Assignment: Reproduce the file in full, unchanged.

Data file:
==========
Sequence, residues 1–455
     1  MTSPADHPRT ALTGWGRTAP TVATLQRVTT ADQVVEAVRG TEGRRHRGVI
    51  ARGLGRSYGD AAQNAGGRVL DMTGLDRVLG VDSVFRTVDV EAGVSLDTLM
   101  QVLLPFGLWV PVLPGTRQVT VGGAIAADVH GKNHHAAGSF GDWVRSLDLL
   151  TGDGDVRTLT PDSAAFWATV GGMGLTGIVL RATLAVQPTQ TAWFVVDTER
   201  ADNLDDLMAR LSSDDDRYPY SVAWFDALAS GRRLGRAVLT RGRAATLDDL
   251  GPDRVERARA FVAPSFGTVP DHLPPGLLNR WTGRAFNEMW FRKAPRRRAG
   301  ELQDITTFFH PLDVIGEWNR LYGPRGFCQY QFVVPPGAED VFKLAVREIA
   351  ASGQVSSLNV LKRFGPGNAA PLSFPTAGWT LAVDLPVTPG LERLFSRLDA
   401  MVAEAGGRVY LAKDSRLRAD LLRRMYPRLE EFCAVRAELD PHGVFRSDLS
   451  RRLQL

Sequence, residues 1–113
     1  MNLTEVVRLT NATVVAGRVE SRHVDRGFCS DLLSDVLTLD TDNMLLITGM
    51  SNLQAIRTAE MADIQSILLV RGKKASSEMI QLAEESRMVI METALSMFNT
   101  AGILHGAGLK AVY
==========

Sequence, residues 1–455
     1  MTSPADHPRT ALTGWGRTAP TVATLQRVTT ADQVVEAVRG TEGRRHRGVI
    51  ARGLGRSYGD AAQNAGGRVL DMTGLDRVLG VDSVFRTVDV EAGVSLDTLM
   101  QVLLPFGLWV PVLPGTRQVT VGGAIAADVH GKNHHAAGSF GDWVRSLDLL
   151  TGDGDVRTLT PDSAAFWATV GGMGLTGIVL RATLAVQPTQ TAWFVVDTER
   201  ADNLDDLMAR LSSDDDRYPY SVAWFDALAS GRRLGRAVLT RGRAATLDDL
   251  GPDRVERARA FVAPSFGTVP DHLPPGLLNR WTGRAFNEMW FRKAPRRRAG
   301  ELQDITTFFH PLDVIGEWNR LYGPRGFCQY QFVVPPGAED VFKLAVREIA
   351  ASGQVSSLNV LKRFGPGNAA PLSFPTAGWT LAVDLPVTPG LERLFSRLDA
   401  MVAEAGGRVY LAKDSRLRAD LLRRMYPRLE EFCAVRAELD PHGVFRSDLS
   451  RRLQL

Sequence, residues 1–113
     1  MNLTEVVRLT NATVVAGRVE SRHVDRGFCS DLLSDVLTLD TDNMLLITGM
    51  SNLQAIRTAE MADIQSILLV RGKKASSEMI QLAEESRMVI METALSMFNT
   101  AGILHGAGLK AVY